I am aware that because of externalities or public goods (or for other reasons) there can be no allocative efficiency on the market. I am also aware that policy makers' subjective judgement of the situation on the market (if market outcomes are distributed "fair") can be considered as equity in economics.

I wanted to empirically check if government spending can potentially increase efficiency or equity (as I think it should). I took labor productivity (a percentage of GDP) as a measure for efficiency and Gini index in disposable income as a measure for equity. While I am quite convinced with my measure of equity, as Gini tells me about the inequality of income distribution - I am not entirely sure about labor productivity. I am curious if I could choose better statistics to measure either efficiency or equity?

In my results I got that government spending on environment is positively correlated with increase in efficiency in only about 30% cases and in equity in about 50% cases. This seems a little bit counter-intuitive as environment seemed like a textbook example where there is a negative externality, so the firms maximizing their profits based on private costs tend to overproduce - and that the government intervention in that case is justified. So that I thought after the intervention, there should be increase in allocative efficiency, right? But it is a case in only around 30% of cases. What could be a reason for that?

Similarly, government spending on health. To my contention, it should increase both, equity and efficiency - but from what I've got it seems to be true in about 20% of cases. Why would that be a case?

Is it because of the measures I chose? Or my logic was simply wrong and government spending on environment causes efficiency to decrease and on health cases both, efficiency and equity, to decrease?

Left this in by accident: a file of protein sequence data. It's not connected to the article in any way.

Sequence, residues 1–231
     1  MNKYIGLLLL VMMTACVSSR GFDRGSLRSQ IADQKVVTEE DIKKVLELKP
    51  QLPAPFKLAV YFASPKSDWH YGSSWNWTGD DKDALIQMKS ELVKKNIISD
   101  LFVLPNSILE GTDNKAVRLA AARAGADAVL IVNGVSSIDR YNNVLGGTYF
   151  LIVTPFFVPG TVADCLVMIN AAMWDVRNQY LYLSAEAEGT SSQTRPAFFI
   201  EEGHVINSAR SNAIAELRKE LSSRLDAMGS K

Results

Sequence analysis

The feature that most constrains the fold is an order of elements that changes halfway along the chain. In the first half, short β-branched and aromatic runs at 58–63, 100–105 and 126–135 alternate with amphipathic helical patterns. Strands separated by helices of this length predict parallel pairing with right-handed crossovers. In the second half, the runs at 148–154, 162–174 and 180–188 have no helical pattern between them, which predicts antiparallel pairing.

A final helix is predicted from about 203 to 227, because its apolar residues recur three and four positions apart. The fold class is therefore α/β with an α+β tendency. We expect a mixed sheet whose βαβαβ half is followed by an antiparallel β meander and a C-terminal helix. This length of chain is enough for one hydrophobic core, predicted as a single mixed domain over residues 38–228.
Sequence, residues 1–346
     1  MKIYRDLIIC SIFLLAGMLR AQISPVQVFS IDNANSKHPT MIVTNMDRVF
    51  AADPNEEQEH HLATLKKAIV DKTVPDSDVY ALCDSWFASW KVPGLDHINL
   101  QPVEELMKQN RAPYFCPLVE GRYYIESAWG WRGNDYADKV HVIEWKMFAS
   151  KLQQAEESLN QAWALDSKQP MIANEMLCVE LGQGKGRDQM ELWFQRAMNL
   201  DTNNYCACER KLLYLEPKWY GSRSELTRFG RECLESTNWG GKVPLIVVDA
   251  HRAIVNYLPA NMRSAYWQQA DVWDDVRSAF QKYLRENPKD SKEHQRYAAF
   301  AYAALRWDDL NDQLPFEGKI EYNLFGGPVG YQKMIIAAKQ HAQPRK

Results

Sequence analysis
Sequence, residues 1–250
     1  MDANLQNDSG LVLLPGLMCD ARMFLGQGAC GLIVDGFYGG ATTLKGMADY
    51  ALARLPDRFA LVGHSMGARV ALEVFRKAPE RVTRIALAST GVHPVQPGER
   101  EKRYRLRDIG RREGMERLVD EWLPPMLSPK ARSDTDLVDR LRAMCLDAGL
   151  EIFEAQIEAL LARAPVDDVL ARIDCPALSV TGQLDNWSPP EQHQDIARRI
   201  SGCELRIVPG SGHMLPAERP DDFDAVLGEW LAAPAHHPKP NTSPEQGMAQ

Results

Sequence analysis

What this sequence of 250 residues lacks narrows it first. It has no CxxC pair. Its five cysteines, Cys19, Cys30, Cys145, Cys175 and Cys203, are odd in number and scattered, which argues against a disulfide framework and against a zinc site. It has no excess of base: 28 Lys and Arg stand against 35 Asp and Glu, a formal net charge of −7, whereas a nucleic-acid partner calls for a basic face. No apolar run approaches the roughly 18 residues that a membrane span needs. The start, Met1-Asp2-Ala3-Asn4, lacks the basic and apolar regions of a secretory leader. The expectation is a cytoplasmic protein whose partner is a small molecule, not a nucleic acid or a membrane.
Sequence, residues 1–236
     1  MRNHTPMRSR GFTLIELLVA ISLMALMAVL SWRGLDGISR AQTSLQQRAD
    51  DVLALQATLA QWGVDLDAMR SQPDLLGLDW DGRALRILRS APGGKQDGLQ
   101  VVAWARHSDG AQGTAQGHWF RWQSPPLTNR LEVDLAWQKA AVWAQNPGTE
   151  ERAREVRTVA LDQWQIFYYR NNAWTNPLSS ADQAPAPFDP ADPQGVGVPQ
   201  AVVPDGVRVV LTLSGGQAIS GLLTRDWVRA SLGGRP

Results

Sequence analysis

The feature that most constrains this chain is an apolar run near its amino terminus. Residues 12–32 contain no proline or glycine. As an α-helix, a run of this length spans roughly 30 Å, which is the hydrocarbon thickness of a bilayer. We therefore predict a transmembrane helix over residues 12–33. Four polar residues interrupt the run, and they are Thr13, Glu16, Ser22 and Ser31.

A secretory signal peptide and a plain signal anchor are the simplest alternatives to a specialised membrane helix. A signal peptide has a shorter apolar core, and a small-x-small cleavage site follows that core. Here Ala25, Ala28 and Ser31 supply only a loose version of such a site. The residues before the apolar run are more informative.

1 Answer 1


Several things:

  1. It is not clear that labor productivity as a share of GDP tracks allocative efficiency. For example, it could rise simply because the returns to capital (capital's share of GDP) are falling, which would most obviously be a consequence of allocative inefficiency through over-investment in capital inputs. There are potentially many other things that would confound this as an "efficiency" metric.
  2. Gini Index isn't the only measure of inequality, and in fact it doesn't do a very good job of capturing differences in economies at the extremes of their income distributions.
  3. You may have the causal arrow backwards: the most widely accepted model I'm aware of (which is not without controversy, mind you) is that of the Environmental Kuznets Curve, which assumes that wage growth (not labor's share of GDP) drives environmental improvement, not the other way around.
  4. Because "equity" in the probability-distribution sense is attainable both by improving and destroying quality of life (e.g., everyone earns zero dollars), it's not clear that you should expect a positive correlation between this and "environmental spending". In fact to first-order, your 50% split is consistent with what I've just pointed out.
  • $\begingroup$ I also got that when equity increased, efficiency decreased (a proper equity-efficiency trade off). This relation was mostly visible for government spending on environment (tbh only here). Would you say that there is some reason for that? Or is it more due to each country itself and their implementation of the policy? $\endgroup$
    – bajun65537
    Nov 1, 2019 at 18:28
  • $\begingroup$ The shortest and simplest, but least satisfying answer, might be that equity and efficiency are competing objectives. In the context of social welfare functions, this is readily apparent. $\endgroup$
    – heh
    Nov 1, 2019 at 19:22

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